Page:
Writing the few cards I did write was not pleasant because of the arthritis in my hands. It's amazing though that keyboarding (typing) doesn't hurt, nor does playing the piano. I wonder why that is? I guess squeezing the hand and the way a pen is held uses different muscles, tendons, and pulls on the bones in a different way. And, oh yes, my dad would be so proud that I'm still using a fountain pen to write out my cards. I do prefer a fountain pen to a ball point or gel pen, but they are hard to find. I have one that is on it's last legs, I'm afraid, and my old Esterbrook is gone for good. Oh, I still have it physically, but the bulb inside into which the ink supplied was siphoned, wore out. I know of no place that replaces just that part of the pen, if it is replaceable at all. And all those extra style points I have for my Esterbrook.

If you don't know what an Esterbrook pen is, Google it, and for those in the family that read this you will remember my father always had an Esterbrook pen in his pocket, and he would, when using it, make a bit ta-doo about removing the cap, and swinging his arm to just so, and with a flourish would begin writing. I can see that so vividly. Dear daddy and his pens. He would have made a great President of the US at a signing ceremony.

I'm wondering, though, did my grands get the cards? Did the USPS do their thing and deliver them in a timely manner? I realize we've had snow almost every day since the beginning of December, and that may have delayed the cards getting to their appointed address on time, but I did mail them at least a week before Christmas.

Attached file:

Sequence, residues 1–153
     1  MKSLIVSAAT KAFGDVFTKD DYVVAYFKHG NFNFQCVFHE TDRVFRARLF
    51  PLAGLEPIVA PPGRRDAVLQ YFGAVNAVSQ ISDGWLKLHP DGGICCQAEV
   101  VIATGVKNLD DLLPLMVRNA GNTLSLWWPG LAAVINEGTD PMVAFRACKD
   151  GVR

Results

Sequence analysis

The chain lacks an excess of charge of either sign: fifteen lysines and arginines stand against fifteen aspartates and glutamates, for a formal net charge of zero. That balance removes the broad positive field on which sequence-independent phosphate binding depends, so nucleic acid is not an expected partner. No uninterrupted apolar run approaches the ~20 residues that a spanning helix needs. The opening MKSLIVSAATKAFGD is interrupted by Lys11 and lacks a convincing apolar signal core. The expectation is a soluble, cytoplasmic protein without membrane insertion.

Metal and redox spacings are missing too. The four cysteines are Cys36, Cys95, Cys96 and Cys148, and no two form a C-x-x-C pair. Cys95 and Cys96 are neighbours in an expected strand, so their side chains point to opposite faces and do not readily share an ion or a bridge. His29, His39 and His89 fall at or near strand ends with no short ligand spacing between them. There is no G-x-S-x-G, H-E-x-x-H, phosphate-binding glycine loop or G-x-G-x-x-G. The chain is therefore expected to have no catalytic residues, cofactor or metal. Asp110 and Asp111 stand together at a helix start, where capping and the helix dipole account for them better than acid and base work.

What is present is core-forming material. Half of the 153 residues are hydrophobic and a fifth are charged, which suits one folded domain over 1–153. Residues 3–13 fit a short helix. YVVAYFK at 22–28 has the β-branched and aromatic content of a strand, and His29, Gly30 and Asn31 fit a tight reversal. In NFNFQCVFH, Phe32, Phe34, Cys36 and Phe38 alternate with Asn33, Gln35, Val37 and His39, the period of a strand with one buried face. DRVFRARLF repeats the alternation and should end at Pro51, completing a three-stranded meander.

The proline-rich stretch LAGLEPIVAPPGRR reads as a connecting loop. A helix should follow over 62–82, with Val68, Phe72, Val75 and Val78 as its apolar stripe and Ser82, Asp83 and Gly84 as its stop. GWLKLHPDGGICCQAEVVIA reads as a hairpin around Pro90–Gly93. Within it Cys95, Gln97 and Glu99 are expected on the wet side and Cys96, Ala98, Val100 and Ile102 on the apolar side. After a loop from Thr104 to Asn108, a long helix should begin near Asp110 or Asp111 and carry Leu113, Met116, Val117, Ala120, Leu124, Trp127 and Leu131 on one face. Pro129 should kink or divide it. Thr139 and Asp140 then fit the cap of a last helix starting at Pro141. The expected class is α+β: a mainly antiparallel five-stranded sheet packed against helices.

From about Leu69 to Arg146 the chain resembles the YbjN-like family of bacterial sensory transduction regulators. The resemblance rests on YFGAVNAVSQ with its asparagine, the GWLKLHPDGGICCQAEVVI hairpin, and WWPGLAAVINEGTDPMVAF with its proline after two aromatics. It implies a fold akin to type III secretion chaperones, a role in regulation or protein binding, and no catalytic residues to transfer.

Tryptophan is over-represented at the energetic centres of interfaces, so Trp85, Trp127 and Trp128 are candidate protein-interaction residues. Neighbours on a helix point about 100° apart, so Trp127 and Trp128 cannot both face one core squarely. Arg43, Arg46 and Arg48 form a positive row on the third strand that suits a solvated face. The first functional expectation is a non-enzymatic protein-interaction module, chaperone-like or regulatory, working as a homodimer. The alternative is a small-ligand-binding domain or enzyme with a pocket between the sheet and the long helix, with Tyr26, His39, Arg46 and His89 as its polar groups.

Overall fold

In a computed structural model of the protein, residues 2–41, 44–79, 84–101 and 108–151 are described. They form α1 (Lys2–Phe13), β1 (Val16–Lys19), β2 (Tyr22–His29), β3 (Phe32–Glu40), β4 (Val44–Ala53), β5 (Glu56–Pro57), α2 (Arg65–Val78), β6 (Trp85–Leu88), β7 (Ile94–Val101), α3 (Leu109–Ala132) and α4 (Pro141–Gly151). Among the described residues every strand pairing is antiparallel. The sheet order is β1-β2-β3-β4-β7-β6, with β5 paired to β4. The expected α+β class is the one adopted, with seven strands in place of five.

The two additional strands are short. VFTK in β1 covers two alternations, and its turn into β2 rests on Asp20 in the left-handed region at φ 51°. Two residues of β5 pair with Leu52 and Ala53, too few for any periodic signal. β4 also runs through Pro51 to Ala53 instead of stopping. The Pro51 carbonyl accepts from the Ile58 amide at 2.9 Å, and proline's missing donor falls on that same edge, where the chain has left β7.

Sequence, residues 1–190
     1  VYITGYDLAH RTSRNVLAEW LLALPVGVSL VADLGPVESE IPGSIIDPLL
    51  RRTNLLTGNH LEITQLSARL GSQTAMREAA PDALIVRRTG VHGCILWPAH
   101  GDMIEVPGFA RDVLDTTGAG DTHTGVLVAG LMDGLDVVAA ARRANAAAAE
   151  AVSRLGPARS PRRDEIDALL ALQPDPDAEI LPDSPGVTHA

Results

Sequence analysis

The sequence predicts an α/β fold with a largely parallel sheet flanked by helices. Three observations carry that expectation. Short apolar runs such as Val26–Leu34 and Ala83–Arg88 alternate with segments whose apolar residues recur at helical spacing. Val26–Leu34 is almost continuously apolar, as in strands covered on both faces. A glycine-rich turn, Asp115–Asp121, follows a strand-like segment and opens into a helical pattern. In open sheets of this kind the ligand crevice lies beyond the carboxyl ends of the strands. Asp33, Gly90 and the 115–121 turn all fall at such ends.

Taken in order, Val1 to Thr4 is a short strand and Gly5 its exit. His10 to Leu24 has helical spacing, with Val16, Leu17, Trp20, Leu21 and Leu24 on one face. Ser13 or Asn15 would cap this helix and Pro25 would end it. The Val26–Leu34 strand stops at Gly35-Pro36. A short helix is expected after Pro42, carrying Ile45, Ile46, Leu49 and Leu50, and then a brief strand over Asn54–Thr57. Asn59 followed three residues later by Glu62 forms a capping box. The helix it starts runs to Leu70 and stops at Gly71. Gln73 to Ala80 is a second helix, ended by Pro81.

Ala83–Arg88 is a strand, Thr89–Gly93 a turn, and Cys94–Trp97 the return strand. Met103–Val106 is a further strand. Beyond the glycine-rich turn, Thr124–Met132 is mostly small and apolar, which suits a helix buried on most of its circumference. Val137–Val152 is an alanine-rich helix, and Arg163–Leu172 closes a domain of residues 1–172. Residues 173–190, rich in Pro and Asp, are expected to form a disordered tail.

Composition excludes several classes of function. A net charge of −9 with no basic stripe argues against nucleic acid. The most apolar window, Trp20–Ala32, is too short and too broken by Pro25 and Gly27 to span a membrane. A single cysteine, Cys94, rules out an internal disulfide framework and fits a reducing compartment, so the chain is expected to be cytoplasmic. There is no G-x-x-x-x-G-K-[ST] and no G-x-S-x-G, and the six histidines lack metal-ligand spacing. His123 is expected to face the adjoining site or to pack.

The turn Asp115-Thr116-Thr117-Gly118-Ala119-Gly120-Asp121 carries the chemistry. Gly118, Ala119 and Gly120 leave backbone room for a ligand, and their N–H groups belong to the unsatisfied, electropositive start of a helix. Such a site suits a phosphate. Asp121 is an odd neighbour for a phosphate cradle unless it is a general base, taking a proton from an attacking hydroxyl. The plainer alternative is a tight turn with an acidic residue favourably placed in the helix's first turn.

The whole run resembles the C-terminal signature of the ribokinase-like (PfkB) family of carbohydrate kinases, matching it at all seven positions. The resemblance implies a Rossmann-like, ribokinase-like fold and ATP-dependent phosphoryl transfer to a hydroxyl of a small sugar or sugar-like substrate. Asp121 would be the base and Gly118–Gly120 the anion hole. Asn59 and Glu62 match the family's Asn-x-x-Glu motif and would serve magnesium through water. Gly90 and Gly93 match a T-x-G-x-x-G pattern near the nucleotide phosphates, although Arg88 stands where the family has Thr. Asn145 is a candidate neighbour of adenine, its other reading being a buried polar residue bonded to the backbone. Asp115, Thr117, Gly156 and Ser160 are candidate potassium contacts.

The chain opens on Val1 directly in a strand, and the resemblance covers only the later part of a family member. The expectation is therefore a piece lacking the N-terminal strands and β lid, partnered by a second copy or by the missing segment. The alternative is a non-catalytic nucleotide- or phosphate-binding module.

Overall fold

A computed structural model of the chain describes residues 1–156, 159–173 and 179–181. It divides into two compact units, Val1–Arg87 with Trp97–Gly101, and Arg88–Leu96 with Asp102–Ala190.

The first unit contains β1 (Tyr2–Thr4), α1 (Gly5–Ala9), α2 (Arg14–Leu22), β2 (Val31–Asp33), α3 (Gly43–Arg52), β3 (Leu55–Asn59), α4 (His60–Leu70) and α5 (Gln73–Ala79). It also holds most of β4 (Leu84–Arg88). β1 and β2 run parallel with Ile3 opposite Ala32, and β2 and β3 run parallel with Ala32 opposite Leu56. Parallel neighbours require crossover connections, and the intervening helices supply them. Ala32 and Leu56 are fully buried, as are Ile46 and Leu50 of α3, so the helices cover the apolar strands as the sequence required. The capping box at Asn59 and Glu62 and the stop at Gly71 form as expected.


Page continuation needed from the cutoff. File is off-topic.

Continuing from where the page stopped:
I suppose in this day and age with IMs, texting, and e-mails -- and even e-mails are passe, aren't they, what with Facebook and Twitter -- getting mail may not be the thrill it was when I was a girl.

I longed for those cards at Christmas time, and birthdays. I was so pleased when daddy would allow me to open one or two of the cards -- the ones addressed to "The Drexler Family", and yes, especially the ones addressed to "Judith Drexler". Even though I never went by that name, all dad's family and former parishioners knew me by that name, thus, I would get cards at Christmas time to that name. If a card happened to come to Judy, or after 5th grade to Judi when I cut out the "th", I was thrilled. And I kept those cards in a special box for a long, long time.

Do children do that today? Do they enjoy getting REAL mail, mail delivered to their door, put in a special box, and affixed with almost a half-dollar's worth of stamps? Maybe when I see the children in a few days, I'll find out.


Friday, December 24, 2010

No cards this year

May 2010
I did not write out cards this year (except to the grands). My hands don't write well anymore and it's a chore to handwrite all those cards. So I just didn't do it.

My mom never missed a year until she was in her late 70s. I'm in my late 60s, does that count? Obviously, I'm not as conscientious as my dear mom.
I was thinking as I was wrapping gifts and trying to tie the ribbons with my two hands, instead of having a child to put his or her finger in place so I could get a tight knot on the ribbon, how I used to love doing that chore for my mother. And I also loved licking the stamps for the cards. Of course, now they have self-stick stamps, which really is a blessing. No more paper cuts on the tongue. And, of course, I loved curling the paper ribbons. I still do love doing that job.

I hope you all have a Blessed Christmas, and that you take time to recall why we have a holiday on December 25 each year. The purpose is to celebrate the birth of our dear Lord Jesus Christ who came to earth as a baby, lived among men for 30 plus years, and then was crucified, died, and then rose again, so that we can have eternal life.


Thursday, December 9, 2010

New Post

New post up on The Fat Lady Singeth. December 9, 2010.